For homes located in majority-minority neighborhoods, appraisal bias usually results in low home valuations. Unless they lower the price of their home or risk losing the sale, minority sellers will have to lower the price of their home if the appraised value is lower than it should be because of appraisal bias. As a result, these sellers ultimately receive far less money for their homes than sellers in other neighborhoods. When sellers don’t understand why similar homes in white neighborhoods cost more than theirs, this can negatively impact them.
Are minority homebuyers affected by appraisal bias? Of course. In most cases, minority buyers cannot buy a home without a mortgage, and lenders won’t finance properties that don’t match the buyer’s budget. Minority buyers are therefore forced to come up with more cash if the appraisal is low, or they risk losing the property to an all-cash buyer. A low appraisal creates a difference that minorities are less likely to be able to cover with family funds. In other words, appraisal bias is detrimental to them in more than one way.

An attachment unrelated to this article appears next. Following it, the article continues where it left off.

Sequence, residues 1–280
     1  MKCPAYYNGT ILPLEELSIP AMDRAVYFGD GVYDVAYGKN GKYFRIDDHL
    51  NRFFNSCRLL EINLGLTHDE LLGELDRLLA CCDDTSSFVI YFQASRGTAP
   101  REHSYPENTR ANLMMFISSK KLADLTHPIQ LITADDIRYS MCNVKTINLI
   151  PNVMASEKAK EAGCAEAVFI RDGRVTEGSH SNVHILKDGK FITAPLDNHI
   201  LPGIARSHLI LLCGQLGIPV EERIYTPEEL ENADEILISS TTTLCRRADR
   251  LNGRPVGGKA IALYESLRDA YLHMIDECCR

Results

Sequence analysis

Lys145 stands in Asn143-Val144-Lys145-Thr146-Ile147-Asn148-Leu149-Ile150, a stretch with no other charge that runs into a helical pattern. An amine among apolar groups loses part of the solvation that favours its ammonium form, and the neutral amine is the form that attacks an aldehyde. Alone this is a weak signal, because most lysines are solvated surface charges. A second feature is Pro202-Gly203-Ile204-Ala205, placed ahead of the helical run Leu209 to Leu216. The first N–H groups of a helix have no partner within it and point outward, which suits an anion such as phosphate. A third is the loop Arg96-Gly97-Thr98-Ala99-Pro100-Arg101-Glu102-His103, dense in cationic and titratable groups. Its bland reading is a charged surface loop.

In minority neighborhoods, there are a lot of indications that there is an appraisal gap. An analysis of 12 million appraisals by Freddie Mac over a five-year period found that Black and Latino neighborhoods had lower opinions of value than white neighborhoods did. GSE researchers found that the gap was larger in neighborhoods with more Black and Latino residents.
Despite the negative impact of appraisal bias, there is one bright side – awareness of it is increasing. A number of steps have been taken by the appraisal industry to address appraisal bias. In addition, the Biden administration recently announced a plan to combat racial bias in appraisals. We can only hope that these efforts will result in real change for those affected by the appraisal gap.